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Retreating Rights: Examining the pressure on human rights in Kyrgyzstan

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Kyrgyzstan has just experienced another period of rapid and chaotic change, the third time the country has overthrown an incumbent President in the last 15 years. This new publication Retreating Rights: Examining the pressure on human rights in Kyrgyzstan shows how the roots of the problem run deep. It explores how a culture of corruption and impunity have been at the heart of Kyrgyzstan’s institutional failings, problems that have sometimes been overlooked or downplayed because of the comparison to challenges elsewhere in Central Asia, but that were ruthlessly exposed by the COVID-19 pandemic.

The publication tries to explain the recent emergence of the new President Sadyr Japarov in the unrest of October 2020 and what it might mean for the future of Kyrgyzstan. An instinctive anti-elite populist with a powerful personal narrative and a past reputation for economic nationalism Japarov is undertaking a rapid consolidation of power, including through controversial constitutional reform.

Liberal minded civil society has been under increasing pressure throughout the last decade. They have faced successive governments increasingly seeking to regulate and pressure them, and a rising tide of nationalism that has seen hatred against civil society activists expressed on the streets and online, particularly due to the weaponisation of work on women’s and LGBTQ rights. The publication proposes a root and branch rethink of donor initiatives in Kyrgyzstan to take stock of the situation and come again with new ways to help, including the need for greater flexibility to respond to local issues, opportunities for new ideas and organisations to be supported, and a renewed focus on governance, transparency and accountability.

Magnitsky sanctions and global anti-corruption measures can be used to respond to the ways corrupt elites have stashed their earnings abroad and they can also be used to seek redress where justice is unlikely to be served in Kyrgyzstan, such as in the tragic case of Azimjan Askarov. There is scope to better condition potential trade, aid and investment incentives to human rights benchmarks. The publication suggests areas for further amendment in the drafting of Kyrgyzstan’s new constitution and calls for more action from social media companies to protect activists and journalists who are subject to harassment.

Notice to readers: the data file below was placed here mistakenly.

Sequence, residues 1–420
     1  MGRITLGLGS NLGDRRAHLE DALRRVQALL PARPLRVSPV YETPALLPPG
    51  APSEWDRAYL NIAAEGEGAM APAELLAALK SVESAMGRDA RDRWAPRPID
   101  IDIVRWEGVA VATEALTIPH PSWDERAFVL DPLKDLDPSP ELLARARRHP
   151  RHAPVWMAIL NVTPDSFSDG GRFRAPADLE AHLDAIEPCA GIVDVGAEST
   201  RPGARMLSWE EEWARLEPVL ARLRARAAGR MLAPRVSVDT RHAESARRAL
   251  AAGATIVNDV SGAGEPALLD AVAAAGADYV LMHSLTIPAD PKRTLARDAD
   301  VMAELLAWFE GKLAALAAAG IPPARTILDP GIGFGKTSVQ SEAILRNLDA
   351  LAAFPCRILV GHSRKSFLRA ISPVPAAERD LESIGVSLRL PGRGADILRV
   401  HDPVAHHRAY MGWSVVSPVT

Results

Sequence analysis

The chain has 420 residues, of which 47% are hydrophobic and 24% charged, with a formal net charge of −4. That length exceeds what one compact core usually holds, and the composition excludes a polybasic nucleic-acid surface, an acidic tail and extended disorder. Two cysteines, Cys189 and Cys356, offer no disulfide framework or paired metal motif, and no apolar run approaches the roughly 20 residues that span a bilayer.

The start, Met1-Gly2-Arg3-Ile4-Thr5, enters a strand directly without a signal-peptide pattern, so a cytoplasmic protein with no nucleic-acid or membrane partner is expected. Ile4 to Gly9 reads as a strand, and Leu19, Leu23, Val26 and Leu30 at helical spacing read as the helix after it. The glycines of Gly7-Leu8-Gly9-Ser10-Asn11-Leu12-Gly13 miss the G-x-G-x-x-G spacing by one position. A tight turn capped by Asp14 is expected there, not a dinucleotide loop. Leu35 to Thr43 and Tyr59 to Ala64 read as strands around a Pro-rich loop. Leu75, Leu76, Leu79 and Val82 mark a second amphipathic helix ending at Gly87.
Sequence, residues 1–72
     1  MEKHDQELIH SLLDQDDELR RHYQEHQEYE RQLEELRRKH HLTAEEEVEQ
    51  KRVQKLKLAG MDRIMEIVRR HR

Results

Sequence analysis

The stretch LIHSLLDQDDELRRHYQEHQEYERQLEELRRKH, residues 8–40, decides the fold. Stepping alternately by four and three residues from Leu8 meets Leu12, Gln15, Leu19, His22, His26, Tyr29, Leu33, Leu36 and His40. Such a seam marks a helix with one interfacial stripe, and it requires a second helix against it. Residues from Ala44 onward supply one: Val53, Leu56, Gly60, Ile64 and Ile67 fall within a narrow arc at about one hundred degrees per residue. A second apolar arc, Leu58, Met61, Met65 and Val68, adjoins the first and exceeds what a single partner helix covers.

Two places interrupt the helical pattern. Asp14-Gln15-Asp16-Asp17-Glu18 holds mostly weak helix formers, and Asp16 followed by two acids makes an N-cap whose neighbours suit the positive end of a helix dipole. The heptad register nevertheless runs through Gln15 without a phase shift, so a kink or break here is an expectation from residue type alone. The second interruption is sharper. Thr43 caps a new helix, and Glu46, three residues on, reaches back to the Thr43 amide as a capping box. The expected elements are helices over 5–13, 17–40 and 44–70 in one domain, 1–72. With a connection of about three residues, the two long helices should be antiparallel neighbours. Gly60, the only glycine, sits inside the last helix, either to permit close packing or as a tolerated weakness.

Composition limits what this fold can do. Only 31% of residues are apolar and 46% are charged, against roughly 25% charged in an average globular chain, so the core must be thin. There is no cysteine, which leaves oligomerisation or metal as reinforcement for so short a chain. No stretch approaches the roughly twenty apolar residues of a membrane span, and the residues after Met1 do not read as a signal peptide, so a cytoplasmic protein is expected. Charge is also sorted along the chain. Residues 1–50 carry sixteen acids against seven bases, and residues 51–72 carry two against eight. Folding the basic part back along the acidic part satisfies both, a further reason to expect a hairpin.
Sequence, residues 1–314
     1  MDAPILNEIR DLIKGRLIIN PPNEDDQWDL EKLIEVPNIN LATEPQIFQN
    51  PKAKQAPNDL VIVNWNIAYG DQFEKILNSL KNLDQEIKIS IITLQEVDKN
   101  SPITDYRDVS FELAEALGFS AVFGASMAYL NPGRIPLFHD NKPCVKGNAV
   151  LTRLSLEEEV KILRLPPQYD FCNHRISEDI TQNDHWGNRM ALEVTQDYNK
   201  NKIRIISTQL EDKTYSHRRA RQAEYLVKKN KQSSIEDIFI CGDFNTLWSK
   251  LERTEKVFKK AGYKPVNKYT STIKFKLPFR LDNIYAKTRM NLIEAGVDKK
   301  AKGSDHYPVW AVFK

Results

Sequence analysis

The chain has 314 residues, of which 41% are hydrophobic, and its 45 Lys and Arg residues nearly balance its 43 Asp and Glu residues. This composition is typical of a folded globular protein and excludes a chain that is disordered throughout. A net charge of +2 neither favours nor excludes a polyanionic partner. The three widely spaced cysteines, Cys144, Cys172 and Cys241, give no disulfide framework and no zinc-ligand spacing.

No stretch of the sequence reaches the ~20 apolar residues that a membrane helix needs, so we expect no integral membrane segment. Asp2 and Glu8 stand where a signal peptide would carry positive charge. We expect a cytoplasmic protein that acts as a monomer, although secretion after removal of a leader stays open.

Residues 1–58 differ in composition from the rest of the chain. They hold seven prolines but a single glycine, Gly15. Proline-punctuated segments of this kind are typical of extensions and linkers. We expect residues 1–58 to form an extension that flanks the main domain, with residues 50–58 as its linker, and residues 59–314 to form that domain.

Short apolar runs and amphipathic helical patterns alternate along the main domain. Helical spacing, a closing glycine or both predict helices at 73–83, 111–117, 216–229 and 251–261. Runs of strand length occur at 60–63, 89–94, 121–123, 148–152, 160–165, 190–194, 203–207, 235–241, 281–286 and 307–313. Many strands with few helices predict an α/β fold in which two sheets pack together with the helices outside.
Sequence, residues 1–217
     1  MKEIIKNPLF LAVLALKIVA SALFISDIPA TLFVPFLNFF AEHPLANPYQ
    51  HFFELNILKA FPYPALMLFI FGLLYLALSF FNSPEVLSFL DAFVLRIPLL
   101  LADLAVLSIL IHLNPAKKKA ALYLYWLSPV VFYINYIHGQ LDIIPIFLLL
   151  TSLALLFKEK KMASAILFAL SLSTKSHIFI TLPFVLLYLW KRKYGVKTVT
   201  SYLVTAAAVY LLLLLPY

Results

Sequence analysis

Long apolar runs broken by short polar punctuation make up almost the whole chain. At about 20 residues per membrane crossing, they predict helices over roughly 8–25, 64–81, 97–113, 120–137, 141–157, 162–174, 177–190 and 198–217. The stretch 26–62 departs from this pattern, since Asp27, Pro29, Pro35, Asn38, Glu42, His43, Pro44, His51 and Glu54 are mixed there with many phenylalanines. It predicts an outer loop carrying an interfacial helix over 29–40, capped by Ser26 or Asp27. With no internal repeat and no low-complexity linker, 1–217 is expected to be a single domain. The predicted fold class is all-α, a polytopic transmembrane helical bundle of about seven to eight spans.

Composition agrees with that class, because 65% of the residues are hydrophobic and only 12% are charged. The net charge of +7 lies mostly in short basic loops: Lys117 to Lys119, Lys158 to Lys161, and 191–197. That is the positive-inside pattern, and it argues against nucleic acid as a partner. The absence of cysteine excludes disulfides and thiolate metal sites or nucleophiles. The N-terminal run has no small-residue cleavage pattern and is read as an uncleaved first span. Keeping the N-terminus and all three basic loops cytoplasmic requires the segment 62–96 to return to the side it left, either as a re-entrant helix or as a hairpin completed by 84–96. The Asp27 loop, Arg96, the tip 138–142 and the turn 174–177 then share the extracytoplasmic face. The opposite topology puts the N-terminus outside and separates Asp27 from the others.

The international community should be under no illusions about the scale of the challenges Kyrgyzstan faces. It should take swift action to prevent further backsliding on rights and freedoms, while finding new ways to help resolve Kyrgyzstan’s systemic problems.

To see the full list of recommendations please download the publication.

Edited by Adam Hug (Foreign Policy Centre) the publication contains essay contributions from: Dr. Asel Doolotkeldieva (OSCE Academy); Dr. Aijan Sharshenova (OSCE Academy); Gulzat Baialieva and Dr. Joldon Kutmanaliev (University of Tubingen); Professor Eric McGlinchey (George Mason University); Sardorbek Abdukhalilov (Spravedlivost); Dr. Aksana Ismailbekova (Leibniz-Zentrum Moderner Orient); Ryskeldi Satke (Third Pole); Shirin Aitmatova (UMUT 2020); Ernest Zhanaev (Human Rights writer and consultant); Dr. Elira Turdubaeva (University of Central Asia); Begaim Usenova (Media Policy Institute) and ARTICLE 19; and Jasmine Cameron (Human Rights lawyer).

This report was launched with a webinar on Monday 1st March, with the following speakers: Dr. Aijan Sharshenova (Postdoctoral Research Fellow at OSCE Academy); Begaim Usenova (Director of Media Policy Institute); Shirin Aitmatova (Founder of UMUT 2020); and Dr. Aksana Ismailbekova (Postdoctoral Researcher at Leibniz-Zentrum Moderner Orient). The event was chaired by Adam Hug (Director of the FPC). You can catch up with the audio from the event here and the video here.

You can read the Kyrgyz translation of the publication here.

Image by Sludge G under (CC).

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